5. Macroeconomic assumptions for the current DSA are consistent with the macroeconomic framework underlying the current Rapid Credit Facility (RCF) arrangement. The main differences from the previous DSA include (Box 1): (i) a deterioration in growth prospects; (ii) slower revenue gains relative to the previous DSA, reflecting short-run revenue losses related to the earthquake followed by a gradual recovery over the medium term; and (iii) a deteriorating current account in the near and medium term, driven by rising imports of reconstruction-related materials, which more than offset temporarily stronger remittances. In the long term, however, the current account is expected to recover somewhat.

  • Real GDP growth is expected to fall from 5.4 percent in 2013/14 to 3.4 percent in 2014/15, due to significant economic losses resulting from the earthquake. Growth is expected to gradually recover over the medium term as reconstruction gains momentum. The baseline assumes improved budget execution of capital spending compared to the previous DSA in line with authorities’ efforts in this area and with intensified reconstruction efforts. However, experience in other fragile countries struck by natural disaster suggests that potential growth is likely to be adversely affected by the earthquake. In light of this, growth in the medium and long run is projected around 4 percent, lower than the 4.5 percent assumed previously.

  • Fiscal policy is expected to remain responsible. Revenue is expected to deteriorate in the short term and slowly recover thereafter, while the expenditure effect on the budget related to reconstruction and investment expenditure is expected to dominate over the medium term. The resulting higher fiscal deficits reflect these expenditures—the primary balance is expected to deteriorate from a surplus of 1.9 percent of GDP in 2014 to a deficit of 1.4 percent in 2035. Net incurrence of liabilities is projected to rise from -1.3 percent of GDP in 2013/14 to an average of 3.0 percent over the next five years, decreasing to 1.0 percent towards the end of the DSA horizon. This path is consistent with a stable debt profile. Financing of the deficit is expected to tilt increasingly towards domestic sources (net domestic financing rising to 1.7 percent of GDP in the long term), as public financial management improves and external loans decline relative to GDP.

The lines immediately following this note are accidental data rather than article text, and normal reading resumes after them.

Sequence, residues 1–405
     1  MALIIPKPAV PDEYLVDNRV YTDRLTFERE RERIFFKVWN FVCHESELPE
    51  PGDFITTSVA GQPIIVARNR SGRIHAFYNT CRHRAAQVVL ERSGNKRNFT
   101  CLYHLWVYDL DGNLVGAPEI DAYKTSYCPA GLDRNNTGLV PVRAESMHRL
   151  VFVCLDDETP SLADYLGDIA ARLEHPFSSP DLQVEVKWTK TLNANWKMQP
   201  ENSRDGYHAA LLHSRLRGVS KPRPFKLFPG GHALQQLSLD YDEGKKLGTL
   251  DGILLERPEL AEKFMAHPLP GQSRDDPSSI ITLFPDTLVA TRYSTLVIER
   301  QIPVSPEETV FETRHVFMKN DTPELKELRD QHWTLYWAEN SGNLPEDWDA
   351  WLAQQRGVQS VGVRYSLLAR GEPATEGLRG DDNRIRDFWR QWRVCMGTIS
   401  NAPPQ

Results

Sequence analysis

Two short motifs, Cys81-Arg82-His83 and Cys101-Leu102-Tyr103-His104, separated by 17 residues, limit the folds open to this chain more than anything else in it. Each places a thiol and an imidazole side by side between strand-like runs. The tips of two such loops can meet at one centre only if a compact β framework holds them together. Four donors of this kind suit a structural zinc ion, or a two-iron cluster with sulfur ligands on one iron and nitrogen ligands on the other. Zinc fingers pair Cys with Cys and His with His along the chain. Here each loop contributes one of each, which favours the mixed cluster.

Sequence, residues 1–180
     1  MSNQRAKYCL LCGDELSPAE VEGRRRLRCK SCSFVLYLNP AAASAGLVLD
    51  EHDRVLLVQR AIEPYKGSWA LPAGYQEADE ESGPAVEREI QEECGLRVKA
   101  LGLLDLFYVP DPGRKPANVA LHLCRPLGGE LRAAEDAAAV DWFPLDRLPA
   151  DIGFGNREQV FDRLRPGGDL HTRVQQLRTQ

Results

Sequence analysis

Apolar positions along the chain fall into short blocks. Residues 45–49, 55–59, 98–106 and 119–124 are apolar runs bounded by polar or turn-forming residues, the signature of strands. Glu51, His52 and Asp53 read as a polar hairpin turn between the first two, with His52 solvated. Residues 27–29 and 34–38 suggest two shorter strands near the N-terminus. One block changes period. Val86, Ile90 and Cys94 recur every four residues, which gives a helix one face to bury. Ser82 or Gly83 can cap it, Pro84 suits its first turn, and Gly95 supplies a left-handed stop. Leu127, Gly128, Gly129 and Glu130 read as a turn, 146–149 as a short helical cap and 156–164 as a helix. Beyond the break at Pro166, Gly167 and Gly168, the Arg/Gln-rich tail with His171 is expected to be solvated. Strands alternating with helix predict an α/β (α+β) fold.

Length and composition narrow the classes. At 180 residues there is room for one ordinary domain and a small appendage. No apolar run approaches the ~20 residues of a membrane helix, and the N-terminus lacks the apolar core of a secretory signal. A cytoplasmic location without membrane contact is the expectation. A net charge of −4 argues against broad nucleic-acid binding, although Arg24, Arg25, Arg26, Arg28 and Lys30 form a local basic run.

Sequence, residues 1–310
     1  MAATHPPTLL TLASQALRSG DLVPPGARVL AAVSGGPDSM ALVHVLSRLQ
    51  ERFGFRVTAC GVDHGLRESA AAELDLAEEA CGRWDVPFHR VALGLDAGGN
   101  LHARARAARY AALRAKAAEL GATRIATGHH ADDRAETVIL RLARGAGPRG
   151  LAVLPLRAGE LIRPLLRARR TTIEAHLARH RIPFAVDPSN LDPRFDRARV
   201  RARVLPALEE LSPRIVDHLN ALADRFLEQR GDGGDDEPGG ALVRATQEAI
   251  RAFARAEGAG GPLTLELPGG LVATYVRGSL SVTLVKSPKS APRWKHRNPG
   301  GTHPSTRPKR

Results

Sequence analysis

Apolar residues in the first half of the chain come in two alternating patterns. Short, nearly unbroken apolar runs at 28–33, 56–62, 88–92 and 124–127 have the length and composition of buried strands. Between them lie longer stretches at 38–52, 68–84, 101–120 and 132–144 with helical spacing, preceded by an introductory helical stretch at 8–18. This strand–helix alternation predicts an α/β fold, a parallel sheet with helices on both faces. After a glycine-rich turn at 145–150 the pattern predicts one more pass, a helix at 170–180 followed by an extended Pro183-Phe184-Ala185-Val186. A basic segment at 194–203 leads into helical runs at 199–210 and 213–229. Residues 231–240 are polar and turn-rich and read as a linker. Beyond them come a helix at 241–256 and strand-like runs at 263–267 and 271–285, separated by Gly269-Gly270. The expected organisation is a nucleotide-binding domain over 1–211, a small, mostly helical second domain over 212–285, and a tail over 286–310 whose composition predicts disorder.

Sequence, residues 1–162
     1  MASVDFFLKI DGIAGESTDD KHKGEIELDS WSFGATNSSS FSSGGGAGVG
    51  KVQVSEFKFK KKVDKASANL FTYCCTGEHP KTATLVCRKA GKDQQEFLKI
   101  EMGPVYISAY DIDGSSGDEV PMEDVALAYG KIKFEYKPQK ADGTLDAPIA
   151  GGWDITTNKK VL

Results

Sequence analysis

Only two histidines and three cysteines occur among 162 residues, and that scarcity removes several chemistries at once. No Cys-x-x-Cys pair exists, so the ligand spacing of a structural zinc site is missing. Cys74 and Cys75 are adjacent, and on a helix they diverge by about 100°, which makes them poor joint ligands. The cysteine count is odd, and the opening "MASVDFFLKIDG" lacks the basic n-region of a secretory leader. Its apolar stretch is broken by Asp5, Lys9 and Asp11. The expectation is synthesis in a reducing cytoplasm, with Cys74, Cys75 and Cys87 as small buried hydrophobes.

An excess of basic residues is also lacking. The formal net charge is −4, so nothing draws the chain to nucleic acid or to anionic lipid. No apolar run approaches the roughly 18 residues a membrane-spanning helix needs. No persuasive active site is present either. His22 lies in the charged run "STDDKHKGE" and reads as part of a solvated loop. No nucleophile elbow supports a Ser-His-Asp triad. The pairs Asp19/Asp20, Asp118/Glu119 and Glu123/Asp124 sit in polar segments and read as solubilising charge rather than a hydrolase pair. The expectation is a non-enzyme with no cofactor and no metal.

• The external current account is projected to move from a sizeable surplus in 2013/14 to moderate deficits over the medium term. The exchange rate peg with the Indian rupee is assumed to remain at the current level over the projection period. Import growth is expected to moderate in line with remittances. Export growth is projected to increase only moderately, reflecting weak competitiveness due to significant infrastructure bottlenecks. As a consequence, the ratio of exports to GDP is expected to gradually decline over the medium term.

  • Relative to the previous DSA, the baseline assumes additional external financing of approximately US$2.7 billion from 2015/16 to 2019/20 in order to meet post-earthquake reconstruction related financing needs. This is the amount of new pledges of financial assistance in the form of grants and loans announced by Nepal’s development partners in the context of the International Conference on Nepal’s Reconstruction (ICNR) held in Kathmandu on June 25, 2015 (See Table 6 in the accompanying Staff Report for Request for Disbursement under the Rapid Credit Facility). About forty percent of this additional financing is assumed to come in the form of grants and the remainder in the form of loans.

Box 1.Macroeconomic Assumptions Table

Previous DSACurrent DSACurrent vs. Previous
2014MTLT20142015MTLTMTLT
Real growth (%)4.84.74.55.43.44.24.0−0.5−0.5
Inflation (GDP deflator, %)8.87.15.08.75.97.25.00.10.0
Revenues and grants (% GDP)21.121.722.520.820.322.122.80.40.3
Grants (% GDP)2.82.52.32.41.92.62.30.00.0
Primary expenditure (% GDP)21.422.924.018.920.924.524.21.60.2
Net acquisition of non-financial assets (% GDP)3.74.45.23.33.95.75.01.3−0.2
Primary deficit (% GDP)0.31.11.5−1.90.62.31.41.2−0.1
Net incurrence of liabilities1.32.12.5−1.30.63.01.00.9−1.5
Net domestic financing (% GDP)1.01.01.50.91.01.71.70.70.2
Exports of G&S (y/y growth)4.17.26.012.0−11.97.26.50.00.5
Imports of G&S (y/y growth)10.910.26.113.27.010.17.6−0.11.6
Remittances (y/y growth)15.07.96.012.411.28.58.50.62.5
Current account balance (% GDP)4.20.9−0.84.62.8−2.01.3−2.92.1
Note: MT (medium term) is the average over the next 5 years, and LT (long term) is the average over the following 7-20 years.
Note: MT (medium term) is the average over the next 5 years, and LT (long term) is the average over the following 7-20 years.

External Debt Sustainability

A. Baseline

6. Under the baseline scenario, Nepal’s external debt indicators remain well below indicative sustainability thresholds (Figure 1 and Table 1b). As in the previous DSA, remittances are formally included in the analysis as inflows remained robust even before the earthquake, reaching 28 percent of GDP in 2013/14. However, debt dynamics may be susceptible to volatility in remittance flows, as captured under standard shocks, discussed below. Over the medium term, the present value (PV) of external debt stabilizes at a level equal to: 9 percent of GDP+remittances, 29 percent of exports + remittances, and 60 percent of revenues. The ratio of debt service-to-exports + remittances stabilizes at 2 percent over the medium term, while the ratio of debt service to revenues stabilizes at 3 percent.